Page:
Several months ago, I wrote an inspirational article about hurdling life’s obstacles. It spoke to the experiences I have with clients who aren’t willing to try new things or to do things because they are afraid of the outcomes or who aren’t willing to change. It also noted how therapists are required to take our own advice and step out of our comfort zone, despite our excuses. And it publicly confirmed taking my own advice and as I entered into the 2015 State Games of America.

The last time I competed in college was 2005, when I was in my Master’s program and having fun at open track meets. Fast forward ten years, three kids (one born eight months ago), 20-50 extra pounds (depends how close to the last birth), injuries and, well, etcetera. Lots of excuses as to why I should NOT enter.

So I started training – as much as I could. I dropped 40 pregnancy pounds and worked on my sprint drills. I got faster. I got stronger. I had to take several breaks because my body broke down but I didn’t let it get me down.

I trained on vacation. I ran up the driveway at our cabin in the mountains and let me tell you, that was no easy task. I used mental imagery and imagined how it felt to long jump and hurdle. I kept a positive outlook and high expectations. I wasn’t going to give up on myself and I would do my best. Above all, it was the experience and the fun!

What I couldn’t account for was how my body would react. I wasn’t able to train with long jump equipment, hurdles or blocks. My mental imagery saw things as I remembered them from ten years ago, not as my now-body would react.

In college, I averaged 18′ in the long jump so I figured 15 feet would be a good goal ten years later. I went 13’3″ on Saturday. Talk about seeing your goal go up in smoke!

In college, I ran the hurdles in 14 seconds so I was aiming for 17 seconds ten years later, but jokingly said under 20 seconds would work. When I took the first step out of the blocks, I knew my legs didn’t have it in them. Four attempts in the long jump just an hour prior left my legs too exhausted for hurdles.

When I crossed the finish line and heard the announcer say my time as “…19 seconds…”, I stopped listening (so I have no idea how the sentence ended). To make matters worse, Olympic hurdler/bobsledder Lolo Jones asked which of us was the over-30 hurdler (she would have been in the same age group) and the two girls who were ten years younger than me pointed at me. My thought: I’m totally and utterly embarrassed. Can I please just crawl into a hole?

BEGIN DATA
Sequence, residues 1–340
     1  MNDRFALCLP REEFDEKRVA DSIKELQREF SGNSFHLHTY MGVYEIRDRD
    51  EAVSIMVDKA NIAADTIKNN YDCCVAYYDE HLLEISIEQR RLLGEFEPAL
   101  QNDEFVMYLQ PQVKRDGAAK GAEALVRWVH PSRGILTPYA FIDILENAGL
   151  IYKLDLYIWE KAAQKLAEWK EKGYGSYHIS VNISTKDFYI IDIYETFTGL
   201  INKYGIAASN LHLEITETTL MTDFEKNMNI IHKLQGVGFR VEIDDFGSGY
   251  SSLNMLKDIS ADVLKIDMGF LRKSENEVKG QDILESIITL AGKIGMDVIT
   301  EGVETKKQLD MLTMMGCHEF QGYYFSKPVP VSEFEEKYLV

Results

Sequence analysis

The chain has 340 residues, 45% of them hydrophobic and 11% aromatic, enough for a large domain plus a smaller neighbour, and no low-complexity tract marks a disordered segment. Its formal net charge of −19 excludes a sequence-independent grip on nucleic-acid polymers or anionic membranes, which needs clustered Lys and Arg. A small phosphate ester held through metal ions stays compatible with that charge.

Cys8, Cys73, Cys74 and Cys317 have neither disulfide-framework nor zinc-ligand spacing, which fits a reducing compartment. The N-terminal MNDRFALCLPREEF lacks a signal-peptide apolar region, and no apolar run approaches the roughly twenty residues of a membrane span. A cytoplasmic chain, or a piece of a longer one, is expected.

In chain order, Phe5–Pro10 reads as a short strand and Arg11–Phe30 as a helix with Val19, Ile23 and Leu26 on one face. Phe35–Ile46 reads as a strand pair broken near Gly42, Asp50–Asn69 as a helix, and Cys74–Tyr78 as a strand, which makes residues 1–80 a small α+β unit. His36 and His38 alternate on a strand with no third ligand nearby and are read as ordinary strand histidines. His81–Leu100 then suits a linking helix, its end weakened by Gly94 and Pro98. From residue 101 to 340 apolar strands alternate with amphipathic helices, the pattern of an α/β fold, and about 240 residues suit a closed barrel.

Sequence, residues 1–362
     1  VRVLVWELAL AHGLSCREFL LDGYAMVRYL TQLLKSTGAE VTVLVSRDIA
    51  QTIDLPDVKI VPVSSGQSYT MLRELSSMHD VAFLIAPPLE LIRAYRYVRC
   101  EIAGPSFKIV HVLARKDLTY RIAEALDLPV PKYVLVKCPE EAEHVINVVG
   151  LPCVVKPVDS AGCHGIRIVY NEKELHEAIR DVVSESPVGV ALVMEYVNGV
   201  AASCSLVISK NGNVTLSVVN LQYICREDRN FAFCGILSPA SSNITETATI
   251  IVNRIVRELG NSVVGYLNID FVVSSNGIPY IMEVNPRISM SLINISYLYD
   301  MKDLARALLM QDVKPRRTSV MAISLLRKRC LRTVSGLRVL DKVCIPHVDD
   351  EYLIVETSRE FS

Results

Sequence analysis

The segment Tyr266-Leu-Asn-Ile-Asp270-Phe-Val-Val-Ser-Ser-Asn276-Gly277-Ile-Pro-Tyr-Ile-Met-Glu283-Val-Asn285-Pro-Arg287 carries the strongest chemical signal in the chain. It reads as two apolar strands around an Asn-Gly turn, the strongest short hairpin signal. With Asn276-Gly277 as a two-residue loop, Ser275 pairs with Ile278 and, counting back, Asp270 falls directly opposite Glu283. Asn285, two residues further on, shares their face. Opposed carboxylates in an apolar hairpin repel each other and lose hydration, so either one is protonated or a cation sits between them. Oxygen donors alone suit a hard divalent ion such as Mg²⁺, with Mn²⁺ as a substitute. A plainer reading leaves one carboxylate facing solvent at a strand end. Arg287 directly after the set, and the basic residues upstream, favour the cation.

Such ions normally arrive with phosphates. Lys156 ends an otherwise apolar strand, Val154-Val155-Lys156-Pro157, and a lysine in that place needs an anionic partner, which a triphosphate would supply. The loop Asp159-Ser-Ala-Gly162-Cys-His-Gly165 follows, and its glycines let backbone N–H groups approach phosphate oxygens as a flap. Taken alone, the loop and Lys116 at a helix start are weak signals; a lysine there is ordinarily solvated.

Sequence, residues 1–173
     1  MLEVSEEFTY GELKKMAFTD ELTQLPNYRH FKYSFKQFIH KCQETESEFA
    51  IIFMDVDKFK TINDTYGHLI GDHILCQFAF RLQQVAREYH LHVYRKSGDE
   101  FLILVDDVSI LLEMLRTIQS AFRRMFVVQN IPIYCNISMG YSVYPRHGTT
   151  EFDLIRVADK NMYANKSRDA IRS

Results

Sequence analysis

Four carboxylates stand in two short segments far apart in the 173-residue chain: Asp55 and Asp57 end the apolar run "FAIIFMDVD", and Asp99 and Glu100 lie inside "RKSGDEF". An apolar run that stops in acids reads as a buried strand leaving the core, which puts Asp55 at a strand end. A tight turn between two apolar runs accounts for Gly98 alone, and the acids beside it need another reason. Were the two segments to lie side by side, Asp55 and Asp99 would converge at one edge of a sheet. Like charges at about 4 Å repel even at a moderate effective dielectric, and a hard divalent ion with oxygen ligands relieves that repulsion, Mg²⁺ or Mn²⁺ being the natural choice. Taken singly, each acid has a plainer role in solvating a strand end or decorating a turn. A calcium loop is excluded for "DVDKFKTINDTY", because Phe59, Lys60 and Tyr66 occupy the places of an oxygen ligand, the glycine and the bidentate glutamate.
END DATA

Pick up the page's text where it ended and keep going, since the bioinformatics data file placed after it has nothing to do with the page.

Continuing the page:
Reality check. I’m older than I once was. My body has changed. I have children. I have extra pounds. I get tired faster and recover slower. I have other priorities that come before training. I can enter 5Ks without worrying about my time because I was never a distance runner but placed in my former competition areas and I have high (and apparently unrealistic) expectations.

Reality check. This is what I work with in my clients. Expectations aren’t met. Repeatedly. So they give up. They won’t try. They want others to do it for them. They are unrealistic.

Reality check. I did it. Despite my injuries, age, family and work obligations, I got into shape. I was the oldest woman hurdler competing. I got to meet Lolo Jones, take a picture and get her autograph. I got to see people I competed against/with in college and get reacquainted. I got to use my knowledge to help several others with their events. I had fun.

Things didn’t turn out like I imagined. Not by any means. My reality check was hard on me, as they usually are. However, I choose to overcome this hurdle. In fact, I think I’ll take the advice I give to my clients: Learn from it. Change something. Try again. Know that you are doing your best. Live knowing that you don’t have the regret of not trying.

Jessica McCaslin

Jessica is a mom who is working outside the home part-time and who is learning to cope with the ever-changing daily challenges of full-time parenthood. She graduated with her Master's degree in community counseling from the University of Nebraska at Kearney in 2005, and works with a diverse mental health population. Jessica resides in Central Nebraska with her husband and four children on the family ranch.